Overall, I would say the experiment was a mild success, though next time I think I would do it differently. First off, I would have started with more grain in my mash tun to result in a higher ABV. second beer. Second, I would have used a different yeast. I used French Saison because it was what I had on hand, and because I am a huge fan of that yeast, but in hindsight I would preferred a lower attenuating yeast strain on the second batch to leave a little more body in the beer.
Besides the beer, the best thing to come out of this experiment was the knowledge. This is one of those things I never was going to figure until I just did it, and now that I’ve done it, I’ll know how to do it better next time. It’s easy to get into a rut involving your process, and while it’s good to nail down your brewing technique, trying something new is the only way to grow in your ability as a brewer. Now, I’ve got some beer to drink.
Andrew DeHaan,O’Connor’s Home Brew Expert
Have any questions for Andrew? Email him at email@example.com
More with Less Part. 1: Yeast
If you have been homebrewing long enough, you have probably realized by now that you could save a lot of time and energy not homebrewing. Essentially, homebrewing is work; if you’re doing it right, it’s very rewarding work. I have a hard time thinking of something I would rather spend my day doing than refining a tried-and-true creation or bringing a new recipe into the world.
If I learned anything from the years I spent getting my Bachelor of Arts (and the subsequent post-graduation years of “finding myself”) it was how to make more with less. This usually means more work and planning. However, when it’s something as enjoyable as brewing, a little time and a little more work simply means more to enjoy.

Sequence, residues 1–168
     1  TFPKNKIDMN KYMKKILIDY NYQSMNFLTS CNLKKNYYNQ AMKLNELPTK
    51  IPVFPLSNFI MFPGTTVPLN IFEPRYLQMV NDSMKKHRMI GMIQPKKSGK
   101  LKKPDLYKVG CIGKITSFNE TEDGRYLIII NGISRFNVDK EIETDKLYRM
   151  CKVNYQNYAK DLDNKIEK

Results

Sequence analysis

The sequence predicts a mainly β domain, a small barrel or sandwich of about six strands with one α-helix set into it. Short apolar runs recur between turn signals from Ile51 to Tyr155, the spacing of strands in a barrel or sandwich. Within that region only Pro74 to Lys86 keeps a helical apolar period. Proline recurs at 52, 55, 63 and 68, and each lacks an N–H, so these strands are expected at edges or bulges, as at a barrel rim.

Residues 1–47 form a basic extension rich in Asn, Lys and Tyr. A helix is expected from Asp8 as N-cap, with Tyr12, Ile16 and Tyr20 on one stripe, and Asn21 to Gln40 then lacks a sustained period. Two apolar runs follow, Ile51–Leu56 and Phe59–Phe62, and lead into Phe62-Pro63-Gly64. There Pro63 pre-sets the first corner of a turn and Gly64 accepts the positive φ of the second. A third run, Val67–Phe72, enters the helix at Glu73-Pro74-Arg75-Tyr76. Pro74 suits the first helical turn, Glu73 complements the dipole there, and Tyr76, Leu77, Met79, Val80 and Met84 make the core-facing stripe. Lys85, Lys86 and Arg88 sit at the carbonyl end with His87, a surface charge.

In the first part of this series of articles I would like to talk about something I have been doing for some time, and have had great outcomes with—reusing yeast.
You Can Re-Pitch That!
Like many aspects of brewing, there are a variety of ways to approach yeast re-pitching, depending on your time and financial dedication. The simplest ways of reusing your yeast come in the forms of pitching onto the yeast cake and top-cropping from a primary fermenter.
After your primary fermentation, that gunk and sludge at the bottom of your bucket/carboy/shiny-all-stainless-Blichmann-Ferminator-conical contains billions of living yeast cells ready to keep the party going. Why not use them? If you plan your brew-days, you can brew a new beer to pitch onto that slimy living cake as you transfer the other beer. I have had great success doing this, but there are a few things to keep in mind.